Sweet Salento (29/04/2018-02/05/2018)
Salento: an incredibly charming, quaint colonial town in the heart of Colombia's coffee region. Known for it's friendly locals, world-class hiking, and an explosive game you'll not want to miss out on. Our "5 hour" bus ride turned into an 8 hour ride. Typical. The bus was long, the leg room was minimal (I couldn't even get my legs in front of me, and had them sticking out in the isle the whole journey), and the bends were very bendy. Therefore napping was not an option, sadly. But at least I had a seat.. one guys seat had totally broken, so he removed it and sat uncomfortably on his bag the whole journey, much to his friends amusement. Poor guy. Valle de Cocora
Just outside of the town of Salento, is the picturesque Cocora Valley. This area is super special because the national tree of Colombia (the Wax Palm) grows here. Studding the beautiful landscape are these cartoon-like, 60m high wax palm trees. These crazy trees tower over the cloud forests they thrive in. You have to catch a "Willy" (a half Jeep.. half truck) from town to get there, and the journey took 20 minutes.
We chose to do the full hike, which would have us ascending 1000 meters, and would take about roughly 4 hours. We hiked through streams, crossed more precarious bridges, and gawped at the beautiful scenery. Tejo
Tejo is a national throwing sport in Colombia. Using heavy metal rocks, you aim at a metal ring in a box of thick clay. Lots of gunpowder is placed around the ring and when you hit the ring with your rock, it causes an explosion. I had my eyes peeled for Tejo throughout Colombia, but here in Salento was the first place I had seen it. The Tejo bar, Los Amigos, is small but well stocked (but with no non-alcoholic beverages, poor Sal). The locals are all sat around the bar in clouds of cigarette smoke. Above your head hangs a large bulls ball-sack which you have to rub for good luck upon entry to the Tejo barn. The smell of gunpowder immediately fills your nostrils. Drinking cervesa
here is pretty much compulsory, so I ordered an ice cold Club Colombia to quench my thirst. Tejo is a tricky game, but I managed two explosions, so I was very proud of myself! Horse Riding
As well as via foot, another way of seeing Salento's beautiful scenery is by horse back; so I dragged Sal along to go horse riding for the day. 20 minutes after enquiring at our hostel, our handsome Colombian caballos
were saddled up and waiting outside for us. For the next four hours (a long time on a horse if you are not used to it), we rode down into a very steep valley (they put me in front because "I looked like an expert", yikes!). The ride took us through several streams and deep river crossings (my feet were very wet), through pitch black tunnels built a hundred years ago for a train that never showed up, and to our final destination, a beautiful waterfall. On our way back, it started to rain and thunder, which I felt only added to the ambiance of this lush green place. Needless to say, we were all pretty saddle sore and horsey-smelling afterwards. Café Colombiano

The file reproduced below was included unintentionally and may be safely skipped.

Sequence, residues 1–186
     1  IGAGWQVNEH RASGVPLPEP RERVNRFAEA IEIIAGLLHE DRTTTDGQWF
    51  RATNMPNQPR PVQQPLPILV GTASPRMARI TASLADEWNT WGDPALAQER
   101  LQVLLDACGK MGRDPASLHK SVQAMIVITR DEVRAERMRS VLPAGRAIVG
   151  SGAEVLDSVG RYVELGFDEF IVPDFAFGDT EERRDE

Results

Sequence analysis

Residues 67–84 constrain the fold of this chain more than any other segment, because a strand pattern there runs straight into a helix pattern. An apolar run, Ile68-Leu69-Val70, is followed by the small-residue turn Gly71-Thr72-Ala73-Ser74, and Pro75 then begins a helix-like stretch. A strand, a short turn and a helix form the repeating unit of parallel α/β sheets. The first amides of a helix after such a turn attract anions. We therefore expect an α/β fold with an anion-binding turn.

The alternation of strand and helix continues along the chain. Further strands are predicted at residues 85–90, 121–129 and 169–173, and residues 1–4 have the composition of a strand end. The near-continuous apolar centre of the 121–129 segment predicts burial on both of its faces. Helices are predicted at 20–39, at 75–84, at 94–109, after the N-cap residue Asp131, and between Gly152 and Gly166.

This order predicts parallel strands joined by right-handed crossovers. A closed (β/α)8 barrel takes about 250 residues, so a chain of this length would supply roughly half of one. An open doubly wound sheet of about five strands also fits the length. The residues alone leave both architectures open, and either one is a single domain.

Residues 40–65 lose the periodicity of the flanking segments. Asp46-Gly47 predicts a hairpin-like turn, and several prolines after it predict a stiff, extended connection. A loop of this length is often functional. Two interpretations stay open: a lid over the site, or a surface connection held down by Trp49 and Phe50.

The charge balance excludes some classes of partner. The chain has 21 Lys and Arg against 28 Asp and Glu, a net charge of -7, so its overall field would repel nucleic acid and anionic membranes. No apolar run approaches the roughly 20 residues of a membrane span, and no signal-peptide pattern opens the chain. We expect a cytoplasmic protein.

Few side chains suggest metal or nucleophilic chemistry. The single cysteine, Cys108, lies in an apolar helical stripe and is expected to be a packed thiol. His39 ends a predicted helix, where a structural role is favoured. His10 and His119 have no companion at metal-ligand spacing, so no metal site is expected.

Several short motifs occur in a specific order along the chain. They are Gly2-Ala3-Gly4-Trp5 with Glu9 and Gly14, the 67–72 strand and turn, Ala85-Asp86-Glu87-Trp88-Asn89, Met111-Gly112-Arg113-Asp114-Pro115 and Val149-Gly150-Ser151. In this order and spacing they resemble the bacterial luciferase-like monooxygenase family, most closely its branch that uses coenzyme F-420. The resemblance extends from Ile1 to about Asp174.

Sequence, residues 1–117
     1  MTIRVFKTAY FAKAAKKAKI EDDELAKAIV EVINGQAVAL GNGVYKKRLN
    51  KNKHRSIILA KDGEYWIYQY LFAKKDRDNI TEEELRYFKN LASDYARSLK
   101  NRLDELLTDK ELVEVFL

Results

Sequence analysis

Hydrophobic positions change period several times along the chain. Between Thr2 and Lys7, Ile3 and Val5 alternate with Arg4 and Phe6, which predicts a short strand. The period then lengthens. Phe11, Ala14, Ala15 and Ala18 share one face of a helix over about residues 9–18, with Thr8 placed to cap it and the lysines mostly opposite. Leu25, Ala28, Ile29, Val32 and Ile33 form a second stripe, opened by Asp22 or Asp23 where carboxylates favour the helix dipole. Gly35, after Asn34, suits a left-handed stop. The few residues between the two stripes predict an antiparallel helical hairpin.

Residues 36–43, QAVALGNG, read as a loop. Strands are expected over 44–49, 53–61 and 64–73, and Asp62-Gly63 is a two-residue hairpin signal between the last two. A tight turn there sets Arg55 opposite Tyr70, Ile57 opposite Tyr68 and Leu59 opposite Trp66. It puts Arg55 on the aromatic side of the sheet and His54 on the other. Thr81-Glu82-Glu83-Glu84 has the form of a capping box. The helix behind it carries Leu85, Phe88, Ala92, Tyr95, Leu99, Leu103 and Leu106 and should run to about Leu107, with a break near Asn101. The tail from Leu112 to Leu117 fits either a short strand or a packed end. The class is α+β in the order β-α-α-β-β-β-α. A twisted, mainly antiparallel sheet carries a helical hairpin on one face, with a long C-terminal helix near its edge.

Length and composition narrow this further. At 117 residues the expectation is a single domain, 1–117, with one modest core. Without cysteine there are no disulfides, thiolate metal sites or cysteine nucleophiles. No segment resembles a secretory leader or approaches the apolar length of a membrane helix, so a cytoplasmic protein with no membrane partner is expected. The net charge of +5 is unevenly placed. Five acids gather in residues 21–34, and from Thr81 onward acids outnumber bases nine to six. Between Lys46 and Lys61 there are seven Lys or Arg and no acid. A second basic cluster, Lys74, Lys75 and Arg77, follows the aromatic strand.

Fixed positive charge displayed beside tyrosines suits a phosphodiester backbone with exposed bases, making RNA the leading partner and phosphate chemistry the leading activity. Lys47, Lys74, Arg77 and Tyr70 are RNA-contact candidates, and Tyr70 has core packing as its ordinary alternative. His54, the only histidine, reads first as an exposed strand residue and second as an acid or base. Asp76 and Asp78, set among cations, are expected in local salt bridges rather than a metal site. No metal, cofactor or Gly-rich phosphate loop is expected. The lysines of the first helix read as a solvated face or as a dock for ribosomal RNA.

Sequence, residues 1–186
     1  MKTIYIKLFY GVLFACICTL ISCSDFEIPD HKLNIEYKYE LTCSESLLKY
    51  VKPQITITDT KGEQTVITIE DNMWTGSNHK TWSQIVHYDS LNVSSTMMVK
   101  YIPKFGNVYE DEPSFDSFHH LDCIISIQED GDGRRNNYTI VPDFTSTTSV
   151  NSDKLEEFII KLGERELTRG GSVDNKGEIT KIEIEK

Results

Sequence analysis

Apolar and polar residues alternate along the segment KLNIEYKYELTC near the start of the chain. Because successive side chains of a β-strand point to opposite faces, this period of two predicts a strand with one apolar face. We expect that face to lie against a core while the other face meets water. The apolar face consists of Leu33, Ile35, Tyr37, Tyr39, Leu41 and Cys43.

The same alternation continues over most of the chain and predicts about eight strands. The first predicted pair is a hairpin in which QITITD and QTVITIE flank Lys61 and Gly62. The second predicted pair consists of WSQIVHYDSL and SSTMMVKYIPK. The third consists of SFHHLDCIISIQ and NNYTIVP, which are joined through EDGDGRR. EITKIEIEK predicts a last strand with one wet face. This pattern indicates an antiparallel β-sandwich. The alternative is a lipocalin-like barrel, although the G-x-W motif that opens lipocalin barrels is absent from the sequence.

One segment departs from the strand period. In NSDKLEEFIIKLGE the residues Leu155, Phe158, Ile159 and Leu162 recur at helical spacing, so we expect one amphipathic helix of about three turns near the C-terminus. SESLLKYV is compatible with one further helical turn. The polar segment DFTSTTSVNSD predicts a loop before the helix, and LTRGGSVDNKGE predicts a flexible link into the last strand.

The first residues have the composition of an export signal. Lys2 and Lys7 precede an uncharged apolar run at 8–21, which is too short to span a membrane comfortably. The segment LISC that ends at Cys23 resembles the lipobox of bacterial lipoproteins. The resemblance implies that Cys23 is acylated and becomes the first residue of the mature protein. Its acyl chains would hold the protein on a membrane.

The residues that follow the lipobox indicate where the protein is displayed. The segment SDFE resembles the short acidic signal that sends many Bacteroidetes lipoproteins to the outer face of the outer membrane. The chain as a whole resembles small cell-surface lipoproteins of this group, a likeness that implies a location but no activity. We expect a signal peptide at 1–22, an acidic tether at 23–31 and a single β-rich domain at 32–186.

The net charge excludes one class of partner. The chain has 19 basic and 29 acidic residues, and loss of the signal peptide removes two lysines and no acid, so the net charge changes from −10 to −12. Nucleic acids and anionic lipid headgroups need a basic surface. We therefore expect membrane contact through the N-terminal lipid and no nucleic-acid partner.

Colombian coffee is world-famous, and Salento is set smack bang in the middle of Colombia’s coffee triangle. I chose the most traditional finca
(farm) tour, owned by a chap named Don Elias. His finca was
beautiful and the tour was incredibly interesting. Fun Fact: they add egg shells to the soil for healthy plant growth because egg shells are loaded with calcium.
We learnt that the vast majority of Colombia’s high-quality coffee gets exported around the World, and there’s not nearly as much of a coffee culture in most of the country as you would think.. But if you look hard enough (which I have done), you can find an excellent cup. Just like the one I had at the Dons! Other Shenanigans
I cannot finish this blog without mentioning "Brunch De Salento". Colombian food can get rather boring after a while (sorry Colombia), so we went to this recommended restaurant for some seriously good burgers. I'm talking a huge, juicy, burger smothered in chilli con carne, with guacamole and a chocolate brownie and peanut butter milkshake for pudding. This place was so good, I went back 3 times! So long, sweet Salento
I absolutely adored Salento.. this tiny town packed a punch! For me, it had the perfect amount of local vs touristic vibe. Compared to the rest of Colombia, this cosy little town was by far the friendliest. I loved how
you could hear the locals singing happy songs as you walked down the little streets. They were super welcoming and seemed so pleased to have us. Now it was time to catch a bus to my final (and most sketchy) Colombian destination, Cali. This is also where me and Sal would part ways as he would be heading back home to Canada. Cali, here I come!
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